PARENTS are being warned of an asthma attack time bomb potentially facing 72,000 children with the condition in Scotland when they go back to school after the summer holidays.

Last year more than three times as many ­children were hospitalised due to their asthma during the first week of September compared with mid-July, when admission rates were lowest, according to new data.

Asthma UK Scotland says that means more Scots children are rushed to hospital with a potentially fatal asthma attack in early September when they are back at school than any other week during the year.

The charity also says it has been notified of three children who died from an asthma attack in September last year.

It further warns that the spike in children's asthma hospital admissions occurs year after year in the UK and in many other countries, usually two to three weeks into the autumn term. Children aged six to seven years old are the most seriously affected, it says.

Asthma UK Scotland estimates three-quarters of such hospital admissions could be avoided with the right care and management and has launched a campaign to inform parents.

The charity believes parents can help prevent the attacks by making sure children take their preventer inhalers twice a day during the summer holidays.

The new figures show that 63 children were hospitalised in the first week of September, last year, compared to 19 in mid-July.

Studies suggest children who have been forgetting to take their medicines over the break will be at a higher risk of having a serious asthma attack when they are exposed to common classroom triggers at the start of term, such as colds, flu and stress.

Gordon Brown, national ­director of Asthma UK Scotland, said: "Normal routines can go out of the window during the summer break, which can effectively create a time bomb for children with asthma.

"Those who forget to take their preventer inhalers over the summer will be less in control of their symptoms and therefore more vulnerable to asthma attacks come term-time."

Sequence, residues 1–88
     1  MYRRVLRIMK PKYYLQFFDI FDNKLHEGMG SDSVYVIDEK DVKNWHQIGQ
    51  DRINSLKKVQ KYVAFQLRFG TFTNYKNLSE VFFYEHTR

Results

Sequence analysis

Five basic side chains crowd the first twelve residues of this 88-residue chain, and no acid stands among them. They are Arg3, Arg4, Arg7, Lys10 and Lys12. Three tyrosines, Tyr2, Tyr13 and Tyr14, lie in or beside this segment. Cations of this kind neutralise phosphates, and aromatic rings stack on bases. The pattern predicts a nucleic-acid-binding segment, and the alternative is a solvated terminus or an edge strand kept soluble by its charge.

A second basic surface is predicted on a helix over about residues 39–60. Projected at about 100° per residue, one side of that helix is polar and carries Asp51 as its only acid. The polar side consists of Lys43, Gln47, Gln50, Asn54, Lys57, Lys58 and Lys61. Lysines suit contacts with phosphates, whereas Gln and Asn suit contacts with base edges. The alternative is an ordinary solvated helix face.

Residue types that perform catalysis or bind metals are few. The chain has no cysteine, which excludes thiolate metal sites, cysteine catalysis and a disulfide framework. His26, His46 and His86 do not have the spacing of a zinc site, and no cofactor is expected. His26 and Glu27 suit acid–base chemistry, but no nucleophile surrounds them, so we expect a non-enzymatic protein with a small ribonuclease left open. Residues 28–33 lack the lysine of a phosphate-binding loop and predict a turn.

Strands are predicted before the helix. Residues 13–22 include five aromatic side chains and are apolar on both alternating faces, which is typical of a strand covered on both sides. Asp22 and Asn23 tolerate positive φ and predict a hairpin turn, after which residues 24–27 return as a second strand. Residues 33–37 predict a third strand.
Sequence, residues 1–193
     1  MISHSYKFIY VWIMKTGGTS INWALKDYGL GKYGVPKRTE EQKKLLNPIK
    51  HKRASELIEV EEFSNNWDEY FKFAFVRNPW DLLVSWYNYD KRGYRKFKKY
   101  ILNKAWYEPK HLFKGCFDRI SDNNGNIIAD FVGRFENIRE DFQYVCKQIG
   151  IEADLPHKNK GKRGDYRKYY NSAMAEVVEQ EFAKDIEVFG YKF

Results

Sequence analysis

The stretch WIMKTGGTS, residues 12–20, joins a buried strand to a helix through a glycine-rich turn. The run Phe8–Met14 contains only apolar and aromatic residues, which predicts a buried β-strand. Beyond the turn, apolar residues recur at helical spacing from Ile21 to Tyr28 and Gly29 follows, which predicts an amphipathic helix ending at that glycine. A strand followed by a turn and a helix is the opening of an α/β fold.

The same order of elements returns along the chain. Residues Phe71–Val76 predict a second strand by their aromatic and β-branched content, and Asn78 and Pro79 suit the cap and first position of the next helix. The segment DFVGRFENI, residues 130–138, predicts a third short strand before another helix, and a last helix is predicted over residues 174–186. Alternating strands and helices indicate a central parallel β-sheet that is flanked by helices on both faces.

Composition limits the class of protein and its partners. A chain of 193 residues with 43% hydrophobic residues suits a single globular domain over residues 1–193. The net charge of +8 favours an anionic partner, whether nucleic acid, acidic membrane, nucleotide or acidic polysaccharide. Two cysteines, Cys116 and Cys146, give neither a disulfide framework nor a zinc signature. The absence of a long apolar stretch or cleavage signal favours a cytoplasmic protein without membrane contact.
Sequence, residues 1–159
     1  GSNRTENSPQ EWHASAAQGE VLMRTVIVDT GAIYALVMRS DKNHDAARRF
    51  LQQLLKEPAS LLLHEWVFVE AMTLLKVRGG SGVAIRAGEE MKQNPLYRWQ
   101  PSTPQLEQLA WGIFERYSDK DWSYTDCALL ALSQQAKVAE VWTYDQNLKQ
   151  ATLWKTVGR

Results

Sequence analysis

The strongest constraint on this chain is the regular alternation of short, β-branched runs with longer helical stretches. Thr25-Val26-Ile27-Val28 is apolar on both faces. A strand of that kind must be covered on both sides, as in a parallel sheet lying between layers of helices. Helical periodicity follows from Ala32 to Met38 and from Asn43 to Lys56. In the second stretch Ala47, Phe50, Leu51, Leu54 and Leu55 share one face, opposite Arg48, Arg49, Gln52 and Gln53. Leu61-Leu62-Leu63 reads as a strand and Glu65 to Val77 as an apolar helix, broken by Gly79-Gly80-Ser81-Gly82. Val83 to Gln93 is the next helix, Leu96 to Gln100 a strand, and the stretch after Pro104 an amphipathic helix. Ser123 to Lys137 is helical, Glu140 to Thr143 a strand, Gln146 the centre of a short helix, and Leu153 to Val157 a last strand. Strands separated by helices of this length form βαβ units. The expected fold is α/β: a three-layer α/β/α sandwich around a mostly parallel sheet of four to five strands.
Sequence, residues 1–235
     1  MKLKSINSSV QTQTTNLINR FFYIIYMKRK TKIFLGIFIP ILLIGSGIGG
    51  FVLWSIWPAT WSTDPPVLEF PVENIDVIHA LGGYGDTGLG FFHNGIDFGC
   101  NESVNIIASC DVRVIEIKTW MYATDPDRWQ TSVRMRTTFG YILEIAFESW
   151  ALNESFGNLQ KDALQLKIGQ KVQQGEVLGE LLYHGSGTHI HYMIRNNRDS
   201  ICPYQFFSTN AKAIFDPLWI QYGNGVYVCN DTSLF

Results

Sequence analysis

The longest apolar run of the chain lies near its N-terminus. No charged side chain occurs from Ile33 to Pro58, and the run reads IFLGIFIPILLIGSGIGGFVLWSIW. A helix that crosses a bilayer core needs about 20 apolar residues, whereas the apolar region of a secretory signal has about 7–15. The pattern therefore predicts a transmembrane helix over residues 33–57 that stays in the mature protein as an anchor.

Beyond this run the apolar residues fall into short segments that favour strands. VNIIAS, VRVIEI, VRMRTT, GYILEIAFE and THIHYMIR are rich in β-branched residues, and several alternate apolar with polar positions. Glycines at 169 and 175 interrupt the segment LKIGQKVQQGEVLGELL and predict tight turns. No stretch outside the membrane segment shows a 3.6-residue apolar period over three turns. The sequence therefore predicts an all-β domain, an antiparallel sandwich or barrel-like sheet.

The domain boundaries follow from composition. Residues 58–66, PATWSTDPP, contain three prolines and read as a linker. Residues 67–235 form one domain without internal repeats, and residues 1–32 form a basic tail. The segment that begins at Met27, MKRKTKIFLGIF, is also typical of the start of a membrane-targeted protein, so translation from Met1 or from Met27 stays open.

On average, two children in every classroom in Scotland have asthma, making it the most common long-term condition for children.

More than 1800 children in ­Scotland were rushed to hospital with a serious asthma attack in 2011-12. Children who have ­allergies on top of their asthma are thought to be particularly at risk.

The charity is urging parents whose children have asthma to order a free My Asthma pack, a child-friendly resource. It helps under-12s develop a routine to manage their condition over the summer, and as a result, reduce their risk of an attack in the autumn.

It says it also helps ­children understand and engage in their asthma, using colourful calendars, stickers and postcards.

In an in-depth evaluation of the My Asthma pack, 95% of children said that using the resource had helped them to learn about what medicines to take.

Meanwhile, 68% of parents said that their child's attitude towards taking their medicines has improved since using My Asthma.

Teenagers can play a fun online game to make them more aware of taking their inhalers during the holidays.

A Glasgow University study last year found that the rate of hospitalisations for children with asthma had dropped by more than 18% year-on-year since Scotland became the first country in the UK to introduce a smoking ban in 2006.

Before the smoking ban came into force, admissions for asthma were increasing at an average rate of 5.2% a year.

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